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Other arms need to step up in bullpen after injuries

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Other arms need to step up in bullpen after injuries play video for Other arms need to step up in bullpen after injuries

ATLANTA -- With Eric O'Flaherty and Jonny Venters now out of the picture, closer Craig Kimbrel is the last man standing from the vaunted bullpen trio the Braves have possessed the past few years. The Braves will compensate for the absences of Venters and O'Flaherty by enhancing the roles of some of their less-tested relievers, including Luis Avilan, Cory Gearrin and Anthony Varvaro.

Reinforcements are on the way, with right-hander Jordan Walden likely to return to a significant setup role sometime next week after shoulder inflammation landed him on the disabled list on Friday. Regardless of who it is, the Braves have to find who will be able to consistently get the ball to Kimbrel with a lead in the ninth.

"There are spots they're going to have to step up," Kimbrel said. "It's not a tryout, it's a 'We-have-to-go-out-there-and-do-the-job' kind of position. That late in the game, that's when games are won and lost."

Kimbrel pitched a scoreless ninth for saves in all three games of this weekend's sweep of the Dodgers. Gearrin and Avilan each picked up wins when the Braves' offense turned one-run deficits into multi-run leads in the eighth inning on Saturday and Sunday.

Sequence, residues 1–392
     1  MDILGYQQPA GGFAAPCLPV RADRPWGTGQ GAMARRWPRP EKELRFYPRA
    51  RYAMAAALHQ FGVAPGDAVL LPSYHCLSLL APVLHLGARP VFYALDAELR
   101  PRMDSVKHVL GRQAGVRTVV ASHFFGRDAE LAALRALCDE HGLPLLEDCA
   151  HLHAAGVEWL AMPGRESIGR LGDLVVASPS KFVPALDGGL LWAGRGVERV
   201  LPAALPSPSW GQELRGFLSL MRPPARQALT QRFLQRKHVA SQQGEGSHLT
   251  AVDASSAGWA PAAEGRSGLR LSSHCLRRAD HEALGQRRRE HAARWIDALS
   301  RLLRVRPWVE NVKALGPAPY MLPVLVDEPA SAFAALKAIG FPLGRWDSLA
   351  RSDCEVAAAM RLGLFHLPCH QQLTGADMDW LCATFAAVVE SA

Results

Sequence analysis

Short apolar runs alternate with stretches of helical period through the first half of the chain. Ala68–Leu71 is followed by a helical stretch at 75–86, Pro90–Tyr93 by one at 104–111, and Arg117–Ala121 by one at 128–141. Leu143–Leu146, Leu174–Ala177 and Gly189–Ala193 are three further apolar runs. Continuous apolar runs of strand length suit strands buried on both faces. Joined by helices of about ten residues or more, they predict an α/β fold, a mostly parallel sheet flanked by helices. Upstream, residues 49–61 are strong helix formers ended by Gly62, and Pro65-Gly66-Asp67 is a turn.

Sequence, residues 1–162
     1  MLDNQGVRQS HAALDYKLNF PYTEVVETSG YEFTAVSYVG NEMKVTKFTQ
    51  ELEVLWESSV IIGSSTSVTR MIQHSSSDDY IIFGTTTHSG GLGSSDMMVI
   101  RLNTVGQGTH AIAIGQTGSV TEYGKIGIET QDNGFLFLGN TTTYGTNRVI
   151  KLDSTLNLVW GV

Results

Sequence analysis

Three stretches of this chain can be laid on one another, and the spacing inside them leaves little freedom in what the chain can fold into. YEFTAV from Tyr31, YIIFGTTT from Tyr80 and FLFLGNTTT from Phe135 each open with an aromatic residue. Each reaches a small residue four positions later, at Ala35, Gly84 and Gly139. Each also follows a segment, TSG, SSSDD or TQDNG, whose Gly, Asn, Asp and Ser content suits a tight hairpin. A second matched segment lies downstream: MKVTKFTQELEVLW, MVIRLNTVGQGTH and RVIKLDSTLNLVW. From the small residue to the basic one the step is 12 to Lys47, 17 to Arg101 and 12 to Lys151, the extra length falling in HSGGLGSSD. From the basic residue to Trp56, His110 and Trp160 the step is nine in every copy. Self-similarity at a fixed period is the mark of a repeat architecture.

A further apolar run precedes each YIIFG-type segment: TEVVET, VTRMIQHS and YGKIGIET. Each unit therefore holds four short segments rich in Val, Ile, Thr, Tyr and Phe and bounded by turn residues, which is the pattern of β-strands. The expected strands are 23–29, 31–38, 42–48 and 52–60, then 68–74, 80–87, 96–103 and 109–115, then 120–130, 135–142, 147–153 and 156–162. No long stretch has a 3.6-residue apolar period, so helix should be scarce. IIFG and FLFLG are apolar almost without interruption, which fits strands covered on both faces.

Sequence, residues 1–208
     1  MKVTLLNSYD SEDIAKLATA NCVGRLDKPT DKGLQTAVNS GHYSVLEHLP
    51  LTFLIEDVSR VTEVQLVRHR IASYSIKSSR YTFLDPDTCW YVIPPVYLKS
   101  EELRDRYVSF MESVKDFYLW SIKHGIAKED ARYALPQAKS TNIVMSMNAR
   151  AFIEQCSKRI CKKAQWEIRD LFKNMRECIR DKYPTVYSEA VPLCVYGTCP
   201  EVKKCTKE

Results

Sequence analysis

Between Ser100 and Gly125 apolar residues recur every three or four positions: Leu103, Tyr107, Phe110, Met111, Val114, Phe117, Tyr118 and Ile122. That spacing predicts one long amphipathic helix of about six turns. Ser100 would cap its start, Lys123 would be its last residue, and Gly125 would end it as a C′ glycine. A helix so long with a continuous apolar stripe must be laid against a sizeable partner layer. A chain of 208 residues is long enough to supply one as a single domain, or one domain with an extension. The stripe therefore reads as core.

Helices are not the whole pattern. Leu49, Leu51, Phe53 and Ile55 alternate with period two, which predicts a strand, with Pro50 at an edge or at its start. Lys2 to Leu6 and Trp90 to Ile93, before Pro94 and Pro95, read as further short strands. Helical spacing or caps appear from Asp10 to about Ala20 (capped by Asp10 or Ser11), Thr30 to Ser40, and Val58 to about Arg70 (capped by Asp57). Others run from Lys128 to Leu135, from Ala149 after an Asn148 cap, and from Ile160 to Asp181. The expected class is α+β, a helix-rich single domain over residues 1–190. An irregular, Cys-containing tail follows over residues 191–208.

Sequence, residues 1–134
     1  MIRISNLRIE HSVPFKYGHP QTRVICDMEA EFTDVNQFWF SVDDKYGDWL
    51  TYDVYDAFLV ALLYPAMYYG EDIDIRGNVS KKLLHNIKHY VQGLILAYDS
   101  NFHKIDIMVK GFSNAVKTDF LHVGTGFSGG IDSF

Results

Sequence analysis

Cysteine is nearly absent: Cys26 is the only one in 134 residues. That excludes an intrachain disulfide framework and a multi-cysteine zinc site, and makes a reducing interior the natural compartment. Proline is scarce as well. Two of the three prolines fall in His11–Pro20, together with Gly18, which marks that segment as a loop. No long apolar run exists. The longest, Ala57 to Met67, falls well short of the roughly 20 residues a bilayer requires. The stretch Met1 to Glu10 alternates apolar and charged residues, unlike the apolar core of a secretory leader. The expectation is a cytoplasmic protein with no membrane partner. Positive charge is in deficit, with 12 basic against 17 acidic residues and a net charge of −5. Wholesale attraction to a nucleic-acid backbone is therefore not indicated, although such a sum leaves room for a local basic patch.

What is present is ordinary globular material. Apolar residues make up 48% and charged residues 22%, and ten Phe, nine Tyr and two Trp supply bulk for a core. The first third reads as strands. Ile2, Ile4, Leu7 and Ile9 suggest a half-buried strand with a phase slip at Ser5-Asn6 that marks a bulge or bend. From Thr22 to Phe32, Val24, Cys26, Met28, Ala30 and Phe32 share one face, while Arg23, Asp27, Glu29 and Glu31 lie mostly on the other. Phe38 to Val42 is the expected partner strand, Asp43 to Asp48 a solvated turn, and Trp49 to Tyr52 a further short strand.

Avilan appears to have fully recovered from a left hamstring injury he sustained on April 16 against Kansas City. In his past six appearances, Avilan has given up just two hits and held opponents scoreless over a span of 6 2/3 innings.

"He's got one of those arms and the way the ball comes out of his hand that it's tough for hitters to pick up on, so he can just go right at guys," Kimbrel said of Avilan. "And with him having that movement and that location, it just makes him that much better."

Avilan turned in a few tentative outings immediately following his return from the injury, but the left-hander credited renewed confidence in his mechanics as the key to his recent success.

"My first couple outings after I got hurt, I felt like it might happen again," Avilan said. "So I was throwing the ball, but not really throwing the ball. I was a little bit afraid. My mechanics were different than they were at the beginning of this year and last year. In the first few outings after I got hurt, my sinker was flat from side to side. That's why a couple lefties hit easily against it. Now I feel pretty good. My mechanics feel good and my sinker is doing really good, too."

Gearrin has been similarly solid, as he has not surrendered a run in nine appearances this month.

Kimbrel, who has handled the closing duties since the start of the 2011 season, expressed confidence that his teammates would pick up where Venters and O'Flaherty left off.

"They're good pitchers," Kimbrel said. "They're not here for no reason, and I think they know what they're doing out there. It's just the situation's going to change a little bit, and I think we'll be fine."

Mark Bowman is a reporter for MLB.com. Eric Single is an associate reporter for MLB.com. This story was not subject to the approval of Major League Baseball or its clubs.

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